Gamble on politics

There’s nothing new in the idea of pleasures playing their part
in quashing public restlessness. That’s what the Romans meant by
bread and circuses after all. As the pundits continue to predict
the lowest ever turn out in the next general election, the list of
the ways people enjoy or numb themselves becomes ever longer.

Gambling is growing by 3.5 per cent in this country; 70 per cent
of us have apparently placed a bet at some time or another. Binge
drinking is on the rise. Prescriptions for antidepressants have
risen by more than 700 per cent in the UK in the past decade.

Some might argue that personal addictions have nothing to do
with a sense of public powerlessness. But let us presume there is a
connection. Within my own lifetime, for instance, there has been a
big shift in our perception about the power of popular politics.
Those of us born in the 1950 and 1960s, maybe even the early 1970s,
were essentially part of that post-war baby boom, the generation
that enjoyed an unprecedented economic boom.

With that came a sense of optimism about human change and
progressive politics whether through socialism, social democracy,
feminism, trade unionism or more personal liberation politics.

Something fundamental has shifted in politics. World problems
now feel as if they are beyond the reach of national governments
let alone groups of citizens or individuals. Most of us are reduced
to spectator status. Yes, television allows the terrors of the
tsunami to enter our homes, so we give generously. But there’s
something numbing, too, about a culture in which the horrors of
natural disaster jostle for space on the paper’s front pages with
Germaine Greer’s entry – and exit – from Big Brother.

Call me cynical, but government policy seems more interested in
keeping us happy in the short term than getting us politically
involved. If Blairism is about anything it is about tight control
from the top with decisions flowing from the centre. After seven
years of government, there’s a distinct air of “we know best, leave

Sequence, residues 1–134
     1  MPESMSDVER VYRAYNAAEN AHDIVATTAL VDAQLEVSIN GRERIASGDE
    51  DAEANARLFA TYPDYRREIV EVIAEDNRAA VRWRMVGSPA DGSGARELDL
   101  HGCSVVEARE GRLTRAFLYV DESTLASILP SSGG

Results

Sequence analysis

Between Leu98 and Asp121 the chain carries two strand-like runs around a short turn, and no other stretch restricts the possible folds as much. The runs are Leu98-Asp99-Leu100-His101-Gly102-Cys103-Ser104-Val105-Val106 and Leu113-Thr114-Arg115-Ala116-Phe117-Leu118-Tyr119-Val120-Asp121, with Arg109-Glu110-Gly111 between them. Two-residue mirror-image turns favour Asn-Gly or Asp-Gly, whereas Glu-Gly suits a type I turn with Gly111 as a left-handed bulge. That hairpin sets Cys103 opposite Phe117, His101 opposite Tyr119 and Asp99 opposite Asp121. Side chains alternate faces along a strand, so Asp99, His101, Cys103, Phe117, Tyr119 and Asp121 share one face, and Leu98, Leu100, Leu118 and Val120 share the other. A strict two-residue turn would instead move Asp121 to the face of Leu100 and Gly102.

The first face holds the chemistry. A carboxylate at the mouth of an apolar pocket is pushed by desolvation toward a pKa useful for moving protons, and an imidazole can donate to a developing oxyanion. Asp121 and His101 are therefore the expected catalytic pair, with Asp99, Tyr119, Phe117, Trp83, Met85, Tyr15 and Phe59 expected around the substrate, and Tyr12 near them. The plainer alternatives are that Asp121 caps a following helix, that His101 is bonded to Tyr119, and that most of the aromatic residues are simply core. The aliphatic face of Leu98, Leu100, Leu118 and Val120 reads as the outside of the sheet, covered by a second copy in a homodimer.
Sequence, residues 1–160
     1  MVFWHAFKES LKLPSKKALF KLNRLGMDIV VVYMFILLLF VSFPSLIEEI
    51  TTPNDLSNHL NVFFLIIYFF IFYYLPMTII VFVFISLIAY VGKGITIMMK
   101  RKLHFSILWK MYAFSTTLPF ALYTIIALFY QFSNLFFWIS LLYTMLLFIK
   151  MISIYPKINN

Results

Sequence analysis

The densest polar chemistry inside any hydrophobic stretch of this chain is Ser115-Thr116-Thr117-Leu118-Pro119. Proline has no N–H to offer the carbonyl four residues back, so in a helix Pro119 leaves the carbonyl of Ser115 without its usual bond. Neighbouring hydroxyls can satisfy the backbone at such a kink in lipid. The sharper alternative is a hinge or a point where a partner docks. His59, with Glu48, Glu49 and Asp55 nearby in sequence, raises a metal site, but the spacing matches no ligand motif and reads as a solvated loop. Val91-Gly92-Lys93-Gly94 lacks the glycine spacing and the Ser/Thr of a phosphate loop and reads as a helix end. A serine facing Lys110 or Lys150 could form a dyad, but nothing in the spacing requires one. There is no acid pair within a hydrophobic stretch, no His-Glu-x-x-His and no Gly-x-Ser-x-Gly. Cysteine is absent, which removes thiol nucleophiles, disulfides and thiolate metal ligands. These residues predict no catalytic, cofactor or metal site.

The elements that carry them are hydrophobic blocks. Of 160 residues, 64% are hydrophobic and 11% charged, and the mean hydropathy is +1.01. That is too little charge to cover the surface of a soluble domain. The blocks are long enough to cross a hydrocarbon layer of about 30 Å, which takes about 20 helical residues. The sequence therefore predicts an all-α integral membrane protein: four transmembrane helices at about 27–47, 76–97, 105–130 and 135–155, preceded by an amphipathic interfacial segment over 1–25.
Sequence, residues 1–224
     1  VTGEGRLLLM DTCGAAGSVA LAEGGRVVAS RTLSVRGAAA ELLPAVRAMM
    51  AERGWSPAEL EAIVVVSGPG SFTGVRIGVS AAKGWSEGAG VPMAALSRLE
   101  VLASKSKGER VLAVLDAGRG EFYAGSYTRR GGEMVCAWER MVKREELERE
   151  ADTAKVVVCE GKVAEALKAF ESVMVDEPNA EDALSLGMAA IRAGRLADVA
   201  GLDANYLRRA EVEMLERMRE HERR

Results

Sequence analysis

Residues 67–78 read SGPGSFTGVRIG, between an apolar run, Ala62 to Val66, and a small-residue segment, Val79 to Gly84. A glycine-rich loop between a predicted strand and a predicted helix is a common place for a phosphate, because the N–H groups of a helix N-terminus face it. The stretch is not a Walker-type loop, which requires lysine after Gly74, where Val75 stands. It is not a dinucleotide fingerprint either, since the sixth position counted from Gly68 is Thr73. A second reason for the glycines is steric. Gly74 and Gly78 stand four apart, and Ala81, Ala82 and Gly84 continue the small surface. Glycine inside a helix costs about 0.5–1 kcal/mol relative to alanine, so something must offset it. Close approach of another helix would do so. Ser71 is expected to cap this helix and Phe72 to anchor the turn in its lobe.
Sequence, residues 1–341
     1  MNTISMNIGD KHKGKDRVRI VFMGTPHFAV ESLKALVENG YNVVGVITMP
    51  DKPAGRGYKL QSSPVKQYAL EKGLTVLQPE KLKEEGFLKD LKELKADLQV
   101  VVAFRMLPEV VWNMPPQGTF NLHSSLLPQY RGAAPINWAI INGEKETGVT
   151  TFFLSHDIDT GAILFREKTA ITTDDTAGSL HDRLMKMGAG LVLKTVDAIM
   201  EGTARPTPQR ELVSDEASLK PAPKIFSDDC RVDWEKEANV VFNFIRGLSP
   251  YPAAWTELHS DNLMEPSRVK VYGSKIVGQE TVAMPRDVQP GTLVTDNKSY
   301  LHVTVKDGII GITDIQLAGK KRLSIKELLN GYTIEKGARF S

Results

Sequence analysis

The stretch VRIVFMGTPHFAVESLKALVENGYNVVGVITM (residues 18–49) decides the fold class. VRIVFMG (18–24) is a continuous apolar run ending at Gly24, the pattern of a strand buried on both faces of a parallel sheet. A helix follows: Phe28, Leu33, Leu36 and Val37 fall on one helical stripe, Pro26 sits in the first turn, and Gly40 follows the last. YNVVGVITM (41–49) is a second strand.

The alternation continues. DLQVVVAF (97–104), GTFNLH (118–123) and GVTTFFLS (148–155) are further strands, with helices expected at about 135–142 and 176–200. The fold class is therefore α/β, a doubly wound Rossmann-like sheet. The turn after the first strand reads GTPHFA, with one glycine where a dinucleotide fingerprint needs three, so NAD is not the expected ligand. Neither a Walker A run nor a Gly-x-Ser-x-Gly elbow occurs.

it to us!”
For a puritanical party, New Labour has done a lot to promote what
the Victorians called “vice”. Or as The Guardian’s Martin Kettle
put it bluntly last year: “Government ministers are happier doing
the bidding of the richest players in the relevant industry than
they are of defying them.”

Tessa Jowell’s gambling bill gives the nod to the creation of a
large batch of super-casinos. Much has been made of offers to
provide on-site professional help to potential addicts and the
promise of social housing and other leisure facilities as an “add
on” to the casinos. Socially responsible gambling? Sounds a bit odd
to me. The government also seems determined to press on with laws
to introduce 24-hour drinking, despite opposition from the police
and the devastation that binge drinking brings to most town centres
up and down the country on a weekly basis.

Putting reasonable brakes on drinking and gambling and the
corporate profits associated with them would be one move in the
right direction. But what of the deeper problems, of apathy,
disillusionment, lack of political involvement?

A recent survey of those who voted in 1997 finds that they feel
betrayed by the so-called new politics. In a forthcoming pamphlet,
Compass, a Labour pressure group, declares that these voters now
believe that this government has led to “the establishment of a
marketised monoculture where freedom is defined only as the ability
to shop, not to change the world in which you liveÉ”
Government merely helps people become employable in a ruthless

The Compass pamphlet puts its finger on a crucial link between
apathy and economic insecurity. And the answer? “A new politics and
sense of collectivism. The objective is neither to retreat from
globalisation nor to accommodate to it, but to find ways of
offering democratic security and freedom: the ‘new politics’ New
Labour promised but has not delivered.”

Obviously, it’s not all down to government. It is also down to
individuals and pressure groups and communities. History teaches us
that most progressive change comes from public pressure and
collective struggle. As the election nears turn off Big Brother,
put down the bottle, walk past the betting shop and start making
changes to the world we live in. Here. And Now.

(1) Compass, Dare More Democracy, is published this month.

Melissa Benn is a journalist and novelist..

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